Fulfilling a Ruler's destiny
The nation will witness Selangor's new Ruler, its ninth Sultan crowned Saturday, according to traditional rites and customs of the state's Sultanate, one of Malaysia's oldest. Proclaimed Sultan of Selangor on Nov 22,2001, upon the demise of his father, then the Yang Di-Pertuan Agong of Malaysia, the Raja Muda Selangor Tengku Idris Shah became Sultan Sharafuddin Idris Shah. KEE HUA CHEE details the fascinating life of a man destines to be Sultan.
AS A child, Sultan Sharafuddin Idris Shah Ibni Almarhum Sultan Salahuddin Abdul Aziz Shah was aware he was fated to ascend the throne of Selangor.
It was a task he considered an honour to reign over a population of some 4.2 million people. From young, the future sultan was acutely aware of his responsibilities as he was instilled the concept that his “job” would be a lifelong duty. Born to be Sultan, he knew the road that lay ahead. While other children could choose their career or vocation, his life was already mapped out for him. As a graduate, he could not even practise his profession since his full-time job would consume his entire waking hours as Crown Prince of Selangor.
Upon his return, he joined the Government Administrative Services where he was attached to the Selangor State Secretariat before moving to the District Office in Kuala Lumpur and the Police Department where he gained valuable first-hand experience at all levels of administration.
That same year, he married Raja Zarina Raja Tan Sri Zainal. In 1969, the couple was blessed with their first child, Tengku Zerafina, who is presently working in London. In 1973, the royal couple had a second daughter, Tengku Zatashah who is also a working princess. She is currently working as a journalist in Malaysia.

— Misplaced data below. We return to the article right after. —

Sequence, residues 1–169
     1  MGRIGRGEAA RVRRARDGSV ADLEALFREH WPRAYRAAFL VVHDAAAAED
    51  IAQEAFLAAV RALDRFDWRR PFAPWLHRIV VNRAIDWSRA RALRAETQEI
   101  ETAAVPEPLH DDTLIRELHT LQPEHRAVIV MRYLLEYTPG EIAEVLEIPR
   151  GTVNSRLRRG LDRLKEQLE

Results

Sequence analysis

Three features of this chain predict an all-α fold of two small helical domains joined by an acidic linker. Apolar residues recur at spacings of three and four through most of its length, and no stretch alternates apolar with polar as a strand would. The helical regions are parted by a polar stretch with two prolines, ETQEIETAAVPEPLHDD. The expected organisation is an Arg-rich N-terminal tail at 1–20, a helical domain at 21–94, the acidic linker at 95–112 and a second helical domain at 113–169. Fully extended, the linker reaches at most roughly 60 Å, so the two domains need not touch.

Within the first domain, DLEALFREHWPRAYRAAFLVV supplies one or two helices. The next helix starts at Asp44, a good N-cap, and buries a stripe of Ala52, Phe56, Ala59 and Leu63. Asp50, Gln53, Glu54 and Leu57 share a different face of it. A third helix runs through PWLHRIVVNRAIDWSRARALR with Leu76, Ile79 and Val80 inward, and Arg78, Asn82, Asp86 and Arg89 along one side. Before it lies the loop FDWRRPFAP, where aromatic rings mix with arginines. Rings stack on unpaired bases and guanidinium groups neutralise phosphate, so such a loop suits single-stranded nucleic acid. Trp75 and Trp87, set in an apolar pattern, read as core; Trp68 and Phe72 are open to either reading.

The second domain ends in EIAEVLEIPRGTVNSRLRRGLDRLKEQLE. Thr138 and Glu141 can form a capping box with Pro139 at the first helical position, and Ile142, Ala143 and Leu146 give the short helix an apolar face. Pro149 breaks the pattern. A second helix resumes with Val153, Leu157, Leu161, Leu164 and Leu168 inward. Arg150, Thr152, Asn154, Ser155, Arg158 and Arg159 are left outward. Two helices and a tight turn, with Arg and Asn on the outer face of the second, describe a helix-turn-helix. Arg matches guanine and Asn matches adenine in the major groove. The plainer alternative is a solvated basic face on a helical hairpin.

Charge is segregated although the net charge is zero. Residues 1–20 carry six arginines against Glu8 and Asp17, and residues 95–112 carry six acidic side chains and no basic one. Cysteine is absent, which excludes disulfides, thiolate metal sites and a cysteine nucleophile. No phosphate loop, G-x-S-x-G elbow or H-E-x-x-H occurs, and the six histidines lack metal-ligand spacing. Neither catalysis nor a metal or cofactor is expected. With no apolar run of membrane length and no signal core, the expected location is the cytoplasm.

Tengku Idris and Raja Zarina divorced in 1986. In 1988, he married Nur Lisa Idris Abdullah, an American citizen. They are blessed with a son, Tengku Amir Shah, who is now the Raja Muda of Selangor, the same post held by his father for 41 years. In June 1997, the Raja Muda divorced Nur Lisa.
On 24 April 1999, he was installed as Regent of Selangor when his father assumed office as the 11th Yang Di-Pertuan Agong of Malaysia. On Nov 21, 2001, Sultan Salahuddin Abdul Aziz Shah passed away and Malaysia lost its King. Tengku Idris Shah was proclaimed the new Sultan of Selangor the next morning. Following royal custom, he had to add a new name to “Idris Shah”. “I selected 'Sharafuddin' because it is easy to pronounce and unlike some complicated Arabic names. 'Sharafuddin' also sounds rather similar to Salahuddin, my father's name and I especially like its meaning, which connotes 'religious enlightenment',” explains Sultan Sharafuddin during an audience with him recently.